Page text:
The activation of NF-κB by extracellular inducers depends on the phosphorylation and subsequent degradation of IκB proteins. Activation of NF-κB is achieved through the action of IKK protein kinase which contains two catalytic subunits (IKKα and IKKβ). IKKα and IKKβ proteins phosphorylate IκB and NF-κB. These phosphorylation events result in rapid degradation of IκB.
Activating transcription factor-2 (ATF-2) is the substrate protein of p38 kinase and is activated via phosphorylation by activated (phosprorylated) p38 kinase. The net result of this pathway is production of TNF-α, one of the major pro-inflammatory cytokines.
TNF-α is released by monocytic phagocytes in response to various immunostimulators, including lipopolysaccharide (LPS). LPS is an integral part of the outer cell membrane of gram-negative bacteria which is released after infection and activates inflammatory pathways. Administration of TNF-α results in inflammation, bleeding, coagulation and acute phase reactions in infection and shock. Excessive TNF-α production is a hallmark of many inflammatory diseases, including arthritis, graft versus host disease (GVHD), cerebral malaria, chronic lung inflammatory diseases and reperfusion injuries. TNF-α also functions as a mediator of tissue damage in myocardial infarction, cerebral apoplexy and circulatory shock in their initial inflammatory stages.
TNF-α also functions as an activator for replication of retroviruses, including HIV-1. Acquired Immune Deficiency Syndrome (AIDS) results from infection of T-lymphocytes by the human immunodeficiency virus (HIV). There are three types of HIV: HIV-1, HIV-2 and HIV-3. HIV impairs the T cell-mediated immune system, resulting in opportunistic infections. HIV-1 and HIV-2 infect T-lymphocytes only after T-cells become active since the expression and replication of viral proteins is mediated and maintained via T-cell activation. Even after activated T-cells are infected with HIV, T-lymphocytes must remain active for HIV gene expression and/or replication to occur. By keeping T-lymphocytes active, cytokines, particularly TNF-α, are associated with HIV protein expression and/or virus replication mediated by T-cells. Thus, maintenance of T-lymphocytes by HIV can be abrogated in an infected individual if TNF-α activity is inhibited. Cytokines such as TNF-α also activate HIV replication in monocytes and/or macrophages. Thus, inhibition of such cytokine activity would prevent T-lymphocyte activation.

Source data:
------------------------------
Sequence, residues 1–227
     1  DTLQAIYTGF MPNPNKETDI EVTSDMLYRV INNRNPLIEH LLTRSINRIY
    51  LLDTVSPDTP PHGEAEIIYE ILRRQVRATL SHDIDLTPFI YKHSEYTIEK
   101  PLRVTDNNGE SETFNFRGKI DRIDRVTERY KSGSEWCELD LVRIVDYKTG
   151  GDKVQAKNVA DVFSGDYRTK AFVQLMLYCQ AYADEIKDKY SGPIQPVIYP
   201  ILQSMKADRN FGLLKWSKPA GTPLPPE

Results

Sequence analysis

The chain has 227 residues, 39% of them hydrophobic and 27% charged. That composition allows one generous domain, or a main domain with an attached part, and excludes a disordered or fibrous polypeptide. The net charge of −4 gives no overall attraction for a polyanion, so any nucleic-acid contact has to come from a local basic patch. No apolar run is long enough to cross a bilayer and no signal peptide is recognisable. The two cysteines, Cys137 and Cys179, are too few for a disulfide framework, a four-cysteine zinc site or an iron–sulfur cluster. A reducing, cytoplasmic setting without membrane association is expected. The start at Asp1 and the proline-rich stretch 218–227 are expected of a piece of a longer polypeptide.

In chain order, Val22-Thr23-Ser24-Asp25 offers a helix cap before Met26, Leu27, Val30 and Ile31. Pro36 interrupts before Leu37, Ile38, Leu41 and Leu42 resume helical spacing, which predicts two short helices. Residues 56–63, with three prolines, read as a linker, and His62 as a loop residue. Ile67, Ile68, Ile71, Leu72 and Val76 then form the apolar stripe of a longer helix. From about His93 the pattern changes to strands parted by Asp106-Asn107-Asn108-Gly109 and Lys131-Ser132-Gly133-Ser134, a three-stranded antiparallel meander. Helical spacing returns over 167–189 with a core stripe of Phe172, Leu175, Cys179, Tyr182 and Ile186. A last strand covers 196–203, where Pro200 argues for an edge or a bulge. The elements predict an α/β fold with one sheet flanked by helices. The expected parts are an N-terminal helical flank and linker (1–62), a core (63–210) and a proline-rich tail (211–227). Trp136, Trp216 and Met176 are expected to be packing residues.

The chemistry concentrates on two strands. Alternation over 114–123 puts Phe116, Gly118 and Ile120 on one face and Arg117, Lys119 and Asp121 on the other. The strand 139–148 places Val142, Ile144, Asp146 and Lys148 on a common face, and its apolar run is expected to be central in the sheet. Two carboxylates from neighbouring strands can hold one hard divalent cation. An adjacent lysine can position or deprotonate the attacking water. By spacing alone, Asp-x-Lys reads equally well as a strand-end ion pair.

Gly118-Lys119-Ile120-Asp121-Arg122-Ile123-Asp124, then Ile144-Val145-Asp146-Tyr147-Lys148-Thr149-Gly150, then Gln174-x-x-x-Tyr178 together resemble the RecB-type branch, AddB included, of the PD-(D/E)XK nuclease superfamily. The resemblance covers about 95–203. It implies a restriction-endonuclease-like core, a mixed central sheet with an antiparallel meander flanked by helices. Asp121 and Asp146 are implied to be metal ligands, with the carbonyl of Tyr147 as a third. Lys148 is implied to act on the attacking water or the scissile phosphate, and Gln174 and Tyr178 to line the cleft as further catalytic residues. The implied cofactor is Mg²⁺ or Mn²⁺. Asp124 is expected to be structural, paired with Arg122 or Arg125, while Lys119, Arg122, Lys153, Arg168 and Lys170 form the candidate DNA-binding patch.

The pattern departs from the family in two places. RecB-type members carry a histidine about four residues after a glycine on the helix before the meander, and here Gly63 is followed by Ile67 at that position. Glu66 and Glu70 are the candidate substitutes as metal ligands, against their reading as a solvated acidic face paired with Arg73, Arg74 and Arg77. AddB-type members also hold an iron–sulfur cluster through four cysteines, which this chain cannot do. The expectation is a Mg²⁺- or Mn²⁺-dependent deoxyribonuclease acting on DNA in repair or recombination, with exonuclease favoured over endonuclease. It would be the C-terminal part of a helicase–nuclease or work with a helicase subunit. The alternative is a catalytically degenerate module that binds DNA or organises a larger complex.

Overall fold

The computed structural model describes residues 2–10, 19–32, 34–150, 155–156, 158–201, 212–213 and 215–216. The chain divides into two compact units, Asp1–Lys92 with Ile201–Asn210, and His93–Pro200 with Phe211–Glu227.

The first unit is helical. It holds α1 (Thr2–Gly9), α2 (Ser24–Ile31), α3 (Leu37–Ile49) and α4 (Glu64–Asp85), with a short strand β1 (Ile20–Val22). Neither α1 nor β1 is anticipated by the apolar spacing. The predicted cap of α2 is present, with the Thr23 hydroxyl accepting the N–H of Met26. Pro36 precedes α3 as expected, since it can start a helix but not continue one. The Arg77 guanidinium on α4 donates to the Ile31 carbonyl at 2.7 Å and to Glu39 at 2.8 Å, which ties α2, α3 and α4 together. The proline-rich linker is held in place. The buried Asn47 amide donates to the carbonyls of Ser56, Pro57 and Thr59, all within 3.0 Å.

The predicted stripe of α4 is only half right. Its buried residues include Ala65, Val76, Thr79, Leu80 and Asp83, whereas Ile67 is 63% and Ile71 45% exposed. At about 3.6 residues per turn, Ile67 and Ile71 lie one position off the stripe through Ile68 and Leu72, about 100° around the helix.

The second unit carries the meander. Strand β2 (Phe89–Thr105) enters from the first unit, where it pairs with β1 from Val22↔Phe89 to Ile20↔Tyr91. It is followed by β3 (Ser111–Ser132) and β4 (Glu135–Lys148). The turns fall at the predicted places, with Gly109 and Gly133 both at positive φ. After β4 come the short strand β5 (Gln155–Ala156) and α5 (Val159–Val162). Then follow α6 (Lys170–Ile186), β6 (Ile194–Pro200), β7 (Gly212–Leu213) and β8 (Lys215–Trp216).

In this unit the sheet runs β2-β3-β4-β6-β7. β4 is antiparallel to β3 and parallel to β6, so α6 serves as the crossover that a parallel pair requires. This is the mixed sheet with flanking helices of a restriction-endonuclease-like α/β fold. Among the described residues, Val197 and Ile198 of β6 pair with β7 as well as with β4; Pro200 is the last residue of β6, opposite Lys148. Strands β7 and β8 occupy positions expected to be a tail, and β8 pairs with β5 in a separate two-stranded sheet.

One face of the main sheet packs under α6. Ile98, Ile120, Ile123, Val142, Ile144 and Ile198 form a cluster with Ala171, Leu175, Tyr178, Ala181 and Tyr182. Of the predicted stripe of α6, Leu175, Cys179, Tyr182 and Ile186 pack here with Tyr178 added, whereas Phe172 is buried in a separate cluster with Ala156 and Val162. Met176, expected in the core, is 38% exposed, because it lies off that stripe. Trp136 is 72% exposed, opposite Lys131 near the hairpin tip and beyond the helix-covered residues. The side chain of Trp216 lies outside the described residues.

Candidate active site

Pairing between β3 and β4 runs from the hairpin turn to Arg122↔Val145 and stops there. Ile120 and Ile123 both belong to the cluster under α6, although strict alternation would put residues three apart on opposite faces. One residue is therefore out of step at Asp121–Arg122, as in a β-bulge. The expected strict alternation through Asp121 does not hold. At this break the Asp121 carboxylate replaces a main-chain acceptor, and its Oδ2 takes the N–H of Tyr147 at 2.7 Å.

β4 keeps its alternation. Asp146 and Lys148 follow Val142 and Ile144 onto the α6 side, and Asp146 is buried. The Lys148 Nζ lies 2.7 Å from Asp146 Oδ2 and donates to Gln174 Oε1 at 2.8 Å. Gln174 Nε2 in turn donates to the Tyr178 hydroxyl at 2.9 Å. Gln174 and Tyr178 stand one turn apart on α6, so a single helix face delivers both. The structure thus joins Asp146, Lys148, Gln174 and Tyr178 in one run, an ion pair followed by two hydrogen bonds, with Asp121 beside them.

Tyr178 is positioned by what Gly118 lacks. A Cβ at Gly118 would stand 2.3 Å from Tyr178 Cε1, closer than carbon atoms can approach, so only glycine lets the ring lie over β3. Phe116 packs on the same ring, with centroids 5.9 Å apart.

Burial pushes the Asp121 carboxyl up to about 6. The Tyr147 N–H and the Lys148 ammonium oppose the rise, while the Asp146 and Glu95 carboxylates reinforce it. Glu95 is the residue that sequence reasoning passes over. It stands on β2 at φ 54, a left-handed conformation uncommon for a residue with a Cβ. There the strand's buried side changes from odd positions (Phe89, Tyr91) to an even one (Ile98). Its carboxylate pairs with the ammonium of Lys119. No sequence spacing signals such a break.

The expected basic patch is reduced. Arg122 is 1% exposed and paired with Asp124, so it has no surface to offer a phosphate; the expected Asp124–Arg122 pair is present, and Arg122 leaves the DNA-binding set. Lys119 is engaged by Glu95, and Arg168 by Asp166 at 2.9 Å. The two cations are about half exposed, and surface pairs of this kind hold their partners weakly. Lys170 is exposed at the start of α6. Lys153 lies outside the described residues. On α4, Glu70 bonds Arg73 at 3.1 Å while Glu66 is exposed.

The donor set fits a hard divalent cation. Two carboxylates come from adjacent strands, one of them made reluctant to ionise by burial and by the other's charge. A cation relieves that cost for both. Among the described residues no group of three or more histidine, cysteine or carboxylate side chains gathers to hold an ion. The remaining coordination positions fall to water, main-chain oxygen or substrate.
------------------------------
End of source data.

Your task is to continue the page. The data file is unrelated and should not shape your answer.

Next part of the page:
Although TNF-α inhibitors are being developed, they suffer from serious side effects, including vomiting, nausea, dizziness, adrenal gland atrophy and suppressed hormone production. Thus, there is a need for a safe and effective inhibitor of TNF-α production.
The present invention provides a method for treating a disorder involving an increased amount and/or activity of NF-κB, TNF-α, IKK-α, IKK-β, p38 kinase or ATF-2, comprising identifying a mammal in need of such treatment; and administering praziquantel, or a pharmaceutically acceptable salt, prodrug, ester or amide thereof, to the mammal. In one embodiment, the disorder is an inflammatory disorder. In one aspect of this embodiment, the inflammatory disorder is an autoimmune disorder. In yet another embodiment, the disorder is rheumatoid arthritis, sepsis, septic shock, bronchitis, rheumatoid spondylitis, diabetes, asthma, alopecia, toxic-resistance shock, reperfusion lesion, malaria, meningitis, psoriasis, hemorrhagic heart failure, fibrosis disease, acute inflammation, oncosis, autoimmune disease, AIDS, HIV infection, osteoarthritis, arthritis, chronic laryngostasis, Crohn's disease, ulcerative colitis, hepatitis, hemorrhagic shock, multicentric sclerosis, radiation lesion and oxygen luxus lesion, allergic rhinitis, dermatitis, depression, gnathostatic syndrome, brain infarct, epileptogenic pneumonia, myocardial infarction, inflammatory disease, arteriosclerosis, hypertension, cardiovascular disease or lupus. In another embodiment, the mammal is a human.